I like reading anthologies, probably for the same reason I enjoy putting them together. I feel that any anthology says as much about the anthologizer and the quality of his or her mind as it does about the subject at hand. So I’m as interested in anthologies put together by scholars as I am by those assembled by poets. My sense, though, is that a poet anthologizer is going to be to a great extent preoccupied with writerly effects and subtexts as with historical and critical contexts and glosses. For poet and scholar alike, however, there decidedly unpoetic aspects to anthologizing! Putting together this diverse compilation did not come without setbacks and expenses. Hunting down permissions to publish certain works and tracking down rights holders often gave me considerable trouble. There’s a lot of detective work, frustration, and luck involved. Because many of the poems I chose are in translation or not in the public domain, permission costs to reprint several works were exceedingly high. One irony of anthologizing is that beautiful poems by Wordsworth or Blake can be used for free, while the permissions fees of lesser-known poets who are represented by large publishing conglomerates are astronomically high. On the other hand, I was impressed by the generosity of small press publishers, non-profit presses, and individual poets who sometimes offered permission to reprint for free, or a small fee. Anthologizing raises all sorts of interesting questions about the literary publishing; a recent article in the Chronicle of Higher Education, for example, suggested that big publishing houses may be pricing their own authors out of the canon by charging exorbitant fees — food for thought …
Before we turn to the choice of poetry in the anthology, I wanted to ask about the audience you had in mind for the anthology. Were you thinking of an American audience or were you thinking of a British one, or indeed both?
Both! And I’d be thrilled if the book reached farther afield, as well, as there are poets represented in the book from all over the world –- poets from Jorge Luis Borges to Yang Lian speak here. London lives everywhere.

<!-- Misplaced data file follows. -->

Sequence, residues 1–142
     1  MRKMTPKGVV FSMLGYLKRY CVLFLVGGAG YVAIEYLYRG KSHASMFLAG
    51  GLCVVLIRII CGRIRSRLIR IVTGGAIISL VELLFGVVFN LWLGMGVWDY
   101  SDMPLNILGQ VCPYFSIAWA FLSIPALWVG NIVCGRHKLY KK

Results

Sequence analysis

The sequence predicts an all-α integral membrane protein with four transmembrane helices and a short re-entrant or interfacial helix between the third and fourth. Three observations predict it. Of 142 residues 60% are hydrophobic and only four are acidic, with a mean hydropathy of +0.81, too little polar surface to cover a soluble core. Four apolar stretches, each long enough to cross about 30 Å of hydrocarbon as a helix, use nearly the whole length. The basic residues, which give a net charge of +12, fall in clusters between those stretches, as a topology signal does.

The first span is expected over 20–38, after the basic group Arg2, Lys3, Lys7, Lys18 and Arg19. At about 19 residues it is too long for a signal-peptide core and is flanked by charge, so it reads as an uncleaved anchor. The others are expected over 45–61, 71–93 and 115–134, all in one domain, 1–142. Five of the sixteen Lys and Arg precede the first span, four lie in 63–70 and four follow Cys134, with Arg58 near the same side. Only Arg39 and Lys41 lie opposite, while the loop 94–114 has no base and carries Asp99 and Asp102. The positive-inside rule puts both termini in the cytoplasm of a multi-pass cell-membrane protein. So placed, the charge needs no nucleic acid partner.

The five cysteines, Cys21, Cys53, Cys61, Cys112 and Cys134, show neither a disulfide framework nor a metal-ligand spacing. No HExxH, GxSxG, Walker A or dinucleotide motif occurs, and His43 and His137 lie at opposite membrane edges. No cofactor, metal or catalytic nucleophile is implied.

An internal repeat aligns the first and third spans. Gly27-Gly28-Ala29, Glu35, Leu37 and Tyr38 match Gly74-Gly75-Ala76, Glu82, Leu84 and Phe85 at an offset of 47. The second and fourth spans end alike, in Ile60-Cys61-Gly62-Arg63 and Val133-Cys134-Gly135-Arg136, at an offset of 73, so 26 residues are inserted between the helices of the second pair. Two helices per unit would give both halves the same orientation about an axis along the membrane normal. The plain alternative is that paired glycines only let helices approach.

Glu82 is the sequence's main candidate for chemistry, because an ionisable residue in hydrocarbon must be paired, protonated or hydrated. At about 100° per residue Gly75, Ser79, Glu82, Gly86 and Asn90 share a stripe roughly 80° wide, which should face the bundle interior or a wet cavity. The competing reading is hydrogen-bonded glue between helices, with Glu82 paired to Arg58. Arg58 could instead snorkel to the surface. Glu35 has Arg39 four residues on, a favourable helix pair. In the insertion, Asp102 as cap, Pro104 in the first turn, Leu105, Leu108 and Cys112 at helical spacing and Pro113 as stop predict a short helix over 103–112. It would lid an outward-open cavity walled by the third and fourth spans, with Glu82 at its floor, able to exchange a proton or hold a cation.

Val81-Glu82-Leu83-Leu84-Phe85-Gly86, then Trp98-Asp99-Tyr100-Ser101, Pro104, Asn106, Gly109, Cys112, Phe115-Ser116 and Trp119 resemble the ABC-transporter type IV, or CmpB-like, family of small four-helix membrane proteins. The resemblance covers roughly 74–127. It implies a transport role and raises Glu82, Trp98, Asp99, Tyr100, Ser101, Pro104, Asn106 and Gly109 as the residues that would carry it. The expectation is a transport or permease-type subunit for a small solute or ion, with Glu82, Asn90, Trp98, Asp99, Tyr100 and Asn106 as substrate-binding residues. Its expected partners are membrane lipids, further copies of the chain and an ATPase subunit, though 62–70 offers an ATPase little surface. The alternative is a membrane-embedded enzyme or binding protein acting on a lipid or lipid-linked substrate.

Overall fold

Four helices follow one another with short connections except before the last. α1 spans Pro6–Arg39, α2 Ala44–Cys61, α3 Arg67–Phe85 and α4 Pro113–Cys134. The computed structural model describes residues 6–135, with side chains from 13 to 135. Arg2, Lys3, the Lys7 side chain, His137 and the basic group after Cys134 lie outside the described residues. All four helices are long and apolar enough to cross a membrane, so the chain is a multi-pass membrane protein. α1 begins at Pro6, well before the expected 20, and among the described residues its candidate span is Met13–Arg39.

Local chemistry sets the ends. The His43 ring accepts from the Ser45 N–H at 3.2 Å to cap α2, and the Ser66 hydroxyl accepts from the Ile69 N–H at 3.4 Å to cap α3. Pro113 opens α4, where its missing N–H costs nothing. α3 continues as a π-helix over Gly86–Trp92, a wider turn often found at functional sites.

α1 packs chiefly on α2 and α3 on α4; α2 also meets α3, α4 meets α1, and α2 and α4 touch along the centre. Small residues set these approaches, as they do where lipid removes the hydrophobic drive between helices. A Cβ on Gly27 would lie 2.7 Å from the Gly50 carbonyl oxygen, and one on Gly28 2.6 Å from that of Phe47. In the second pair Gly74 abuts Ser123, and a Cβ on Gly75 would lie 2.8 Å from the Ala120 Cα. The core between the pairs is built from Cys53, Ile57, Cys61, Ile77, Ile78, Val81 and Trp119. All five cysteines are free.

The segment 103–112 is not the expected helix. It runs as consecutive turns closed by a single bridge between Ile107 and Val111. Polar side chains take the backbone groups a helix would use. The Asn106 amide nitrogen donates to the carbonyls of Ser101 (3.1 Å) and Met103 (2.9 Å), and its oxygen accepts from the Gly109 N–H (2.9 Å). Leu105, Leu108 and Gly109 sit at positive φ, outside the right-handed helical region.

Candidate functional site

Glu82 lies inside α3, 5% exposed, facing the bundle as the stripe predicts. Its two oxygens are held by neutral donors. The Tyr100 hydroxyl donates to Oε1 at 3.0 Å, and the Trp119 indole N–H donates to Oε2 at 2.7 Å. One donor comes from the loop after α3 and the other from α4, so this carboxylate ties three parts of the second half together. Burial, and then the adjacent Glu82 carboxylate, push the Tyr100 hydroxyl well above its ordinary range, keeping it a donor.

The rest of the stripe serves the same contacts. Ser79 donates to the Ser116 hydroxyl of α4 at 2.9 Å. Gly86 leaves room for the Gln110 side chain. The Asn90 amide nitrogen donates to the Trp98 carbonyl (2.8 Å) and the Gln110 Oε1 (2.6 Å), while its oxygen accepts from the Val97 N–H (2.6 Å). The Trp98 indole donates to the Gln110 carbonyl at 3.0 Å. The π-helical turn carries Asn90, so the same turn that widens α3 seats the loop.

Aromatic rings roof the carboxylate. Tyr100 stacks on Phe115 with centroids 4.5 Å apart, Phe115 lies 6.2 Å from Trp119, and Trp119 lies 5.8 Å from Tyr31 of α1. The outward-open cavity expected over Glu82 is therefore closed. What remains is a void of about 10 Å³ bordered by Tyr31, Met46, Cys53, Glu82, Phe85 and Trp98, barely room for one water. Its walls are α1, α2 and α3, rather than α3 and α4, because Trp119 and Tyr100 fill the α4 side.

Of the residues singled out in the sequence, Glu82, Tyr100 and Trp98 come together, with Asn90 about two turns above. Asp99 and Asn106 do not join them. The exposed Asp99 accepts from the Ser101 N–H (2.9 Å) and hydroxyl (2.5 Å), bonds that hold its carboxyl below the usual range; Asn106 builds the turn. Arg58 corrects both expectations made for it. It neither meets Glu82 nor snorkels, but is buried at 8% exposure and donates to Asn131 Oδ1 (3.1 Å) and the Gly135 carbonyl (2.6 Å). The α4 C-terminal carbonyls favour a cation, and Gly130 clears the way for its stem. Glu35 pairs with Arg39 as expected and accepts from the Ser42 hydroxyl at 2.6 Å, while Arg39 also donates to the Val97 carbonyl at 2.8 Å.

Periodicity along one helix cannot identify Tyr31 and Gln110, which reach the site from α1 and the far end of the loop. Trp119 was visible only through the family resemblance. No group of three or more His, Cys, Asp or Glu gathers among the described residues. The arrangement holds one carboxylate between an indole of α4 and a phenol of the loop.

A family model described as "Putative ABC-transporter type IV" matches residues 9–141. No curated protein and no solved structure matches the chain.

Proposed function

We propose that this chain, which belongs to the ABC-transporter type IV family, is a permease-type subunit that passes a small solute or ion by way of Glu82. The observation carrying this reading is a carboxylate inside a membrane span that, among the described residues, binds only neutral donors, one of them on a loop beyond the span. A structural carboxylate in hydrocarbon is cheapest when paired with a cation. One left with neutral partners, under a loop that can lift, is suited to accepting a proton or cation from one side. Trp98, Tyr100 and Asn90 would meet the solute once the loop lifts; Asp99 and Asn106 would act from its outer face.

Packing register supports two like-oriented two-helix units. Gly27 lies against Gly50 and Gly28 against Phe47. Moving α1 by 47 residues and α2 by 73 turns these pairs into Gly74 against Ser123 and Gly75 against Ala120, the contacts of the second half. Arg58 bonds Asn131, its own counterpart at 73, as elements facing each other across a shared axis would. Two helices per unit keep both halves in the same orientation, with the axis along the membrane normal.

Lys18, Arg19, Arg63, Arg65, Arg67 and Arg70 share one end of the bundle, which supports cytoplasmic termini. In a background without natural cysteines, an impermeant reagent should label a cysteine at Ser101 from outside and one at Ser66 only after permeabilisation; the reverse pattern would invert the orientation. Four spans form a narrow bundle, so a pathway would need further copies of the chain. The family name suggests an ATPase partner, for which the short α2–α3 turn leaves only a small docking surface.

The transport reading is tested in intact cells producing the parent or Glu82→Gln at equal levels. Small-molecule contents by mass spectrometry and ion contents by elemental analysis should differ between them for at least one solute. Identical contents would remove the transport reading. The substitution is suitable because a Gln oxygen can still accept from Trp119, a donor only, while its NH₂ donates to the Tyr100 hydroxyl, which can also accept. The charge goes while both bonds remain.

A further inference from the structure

Did the audience you were considering have any bearing on your choice of poems do you think and on your ideas about what the anthology should be?
As I said earlier, I very much wanted the anthology to represent a myriad of languages, cultures, time periods. I find it fascinating, for example, to see the ways in which MacNeice and Evaristo and Harpur all imbue the Thames with Lethe-like energies, and all with distinct tones and purposes. I always kept my students –- intrepid, curious, eager, discerning –- in mind as I was working. In my introduction, I try to explore the ways in which my elemental thematic organization and notions about London’s “Infinite” and protean identity are related to poetry, but I also hope that the book is also just a collection of strong poems that will appeal to travelers and general readers as well as students and scholars. In my introduction, I tried to keep the tone accessible and engaging; you won’t find much crit-speech there. I wanted my father, for example, to be able to make his way through it unimpeded by the jargon of our discipline, which can sometimes feel like chewing on scallions.
I wondered about your working practice as an anthologist, did you give shape to the volume as you worked with the material of the poems, did you already have a shape and series of themes in mind before you started or did you just gather as many poems as possible and then shape it when they started arriving?
Most of this question is answered above. The book definitely changed as I gathered poems -– it became much more international and, in a way, more risky, because I included relatively unknown poets and poems as well as better known pieces; using poems in translation always complicates the permissions-gathering process of anthologizing, but for me it was important to take on that extra work if the end result could be something manifold, new, exciting.
The thing that stands out for me is how far this is an anthology prioritising living poets, rather than a great tradition of canonical London poems. In particular, gives a sense of today’s London as a complex multi-cultural city, (you cite John McLeod’s Postcolonial London – Rewriting the Metropolis for instance, in your introduction on page five]. Some of the classic poems are still there, certainly, such as those by Wordsworth, Blake, T.S. Eliot, etc. but there is a dazzling array of newer poets, many of these are women and many are from London’s newer ethnic communities. Was this a conscious intention on your part in terms of the choice of poetry and if so why? How did you decide to arrange the more classic and well-known poetry against the newer material? Were you worried at all that the classic or traditional poetry would be overwhelmed by the new voices or else overwhelm them, especially as these newer poems are often reacting to the older poems in complicated and different ways.